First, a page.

This comes from the Jian Shan pai (Gold mountain Taoist alchemy system) The 24 stems or Jieqi are 24 days in the year in which the universe takes a deep breath and sucks the life force out of everything. Something similar also occurs on new and full moons. What we are supposed to do is either practice qigong or neigong (dan tian, microcosmic orbit and meditation on wuji (void)) 20 minutes before and 20 minutes after the time of change. Example: if the change occurs at 4:48pm (like today’s Winter Solstice), start 20 minutes before. This helps to preserve and store the Qi/prana. There is another system I keep mindful of, but do not do the neigong. At that time, some people focus more on the vertebrae, so Dec. 21 it is L5 at base of spine, and will move up spine each jieqi.
The jieqi are 24 transitions through the constellations so it is a practice of the “stars” while moon we use full and new moon. For the sun, it is daily practice in the Zi, Wu, Mao Yu times. Zi is 11pm to 1am, Wu is 11am to 1pm, mao is 5-7am, and Yu, is 5-7pm (basically midnight, midday, sunrise, sunset). Very powerful meditation times in many cultures. If a full or new moon or jieqi time is within the zi, wu, mao yu time it is auspicious. Keep in mind the jieqi times can be dangerous- accidents can happen, terminally ill people may die. People tend to have a real bad day if they are unaware. High blood pressure and headaches are common. 12 of the jieqi times are based on the 12 zodiac changes through the year, while the other 12 are half-way between the zodiac change times. total 24.
Winter Solstice is December 21st. It is a time to activate the yang (warming, light, movement) to avoid illness. The solstice is the shortest day and longest night. It is the extreme of yin (dark, cold, still). However, it is the day of “Return”. Our world will be returning towards yang: light, heat, warmth as the days will start to get warmer as we move toward Spring.
Winter solstice lifestyle tips: go to bed early and sleep in late. 7 to 8 hours of rest is recommended. Be persistent in moving. Try walking, Tai Chi, Yoga, or Qigong daily. Stay at home, cultivate quiet and calm. Restrain from rich foods, alcohol, and too many parties. Meditate, rest, and reflect.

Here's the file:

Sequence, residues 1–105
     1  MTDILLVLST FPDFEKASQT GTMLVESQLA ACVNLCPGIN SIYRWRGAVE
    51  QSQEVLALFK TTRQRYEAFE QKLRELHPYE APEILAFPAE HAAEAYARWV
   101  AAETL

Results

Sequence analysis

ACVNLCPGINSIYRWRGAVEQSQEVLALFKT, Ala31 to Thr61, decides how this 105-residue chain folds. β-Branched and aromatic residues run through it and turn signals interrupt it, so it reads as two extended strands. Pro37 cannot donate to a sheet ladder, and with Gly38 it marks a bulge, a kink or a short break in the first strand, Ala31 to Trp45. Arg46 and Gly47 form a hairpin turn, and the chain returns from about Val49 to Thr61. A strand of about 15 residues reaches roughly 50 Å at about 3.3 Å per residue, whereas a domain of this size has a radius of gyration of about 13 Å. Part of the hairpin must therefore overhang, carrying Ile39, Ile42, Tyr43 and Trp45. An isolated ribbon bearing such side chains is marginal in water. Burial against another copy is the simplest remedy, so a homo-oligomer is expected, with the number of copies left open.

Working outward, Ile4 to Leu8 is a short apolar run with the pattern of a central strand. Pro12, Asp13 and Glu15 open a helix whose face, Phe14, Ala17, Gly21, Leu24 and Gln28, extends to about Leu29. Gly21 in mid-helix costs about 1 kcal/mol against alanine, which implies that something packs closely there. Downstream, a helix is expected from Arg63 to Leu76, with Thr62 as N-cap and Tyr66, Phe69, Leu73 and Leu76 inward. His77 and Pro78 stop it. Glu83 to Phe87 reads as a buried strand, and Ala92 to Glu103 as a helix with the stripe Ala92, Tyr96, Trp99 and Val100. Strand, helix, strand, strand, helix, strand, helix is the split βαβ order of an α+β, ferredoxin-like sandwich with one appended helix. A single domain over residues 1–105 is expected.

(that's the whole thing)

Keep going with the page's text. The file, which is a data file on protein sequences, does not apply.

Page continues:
Nutrition and Diet: Nourish the Kidneys and Spleen with foods like rice congee, lamb and beef stew, Shan yao (Nagaimo), and winter squash. Take some small amounts of acrid foods like ginger, Scallion, and Black pepper. Avoid foods that are cold, greasy, raw and uncooked, and very spicy.
Acupressure: massage and keep these areas warm: Ren 4, Ren 6, Stomach 36, and Gall Bladder 31. Press and massage 30 times small circles to help maintain health through winter.
Qigong: Continue with “Dan Tian” breathing. Breathe with the lower belly area and feel a sensation 4 fingers below the belly button and 4 fingers inside the body from the Ren 4 point. We call this “Dan Tian” or “Field of Medicine” . It is actually an area very powerful in the body. It is below the diaphragm, above the perineum, behind the abdominal muscles, near uterus and ovaries, in the area of small intestines, and in front of the lower back and spine. Try to meditate there twice a day for 20 minutes. If the mind wanders off just go back to watching the breathing go in and out, feel the belly rise and fall. It is very transformative for mind, body, energy, and spirit.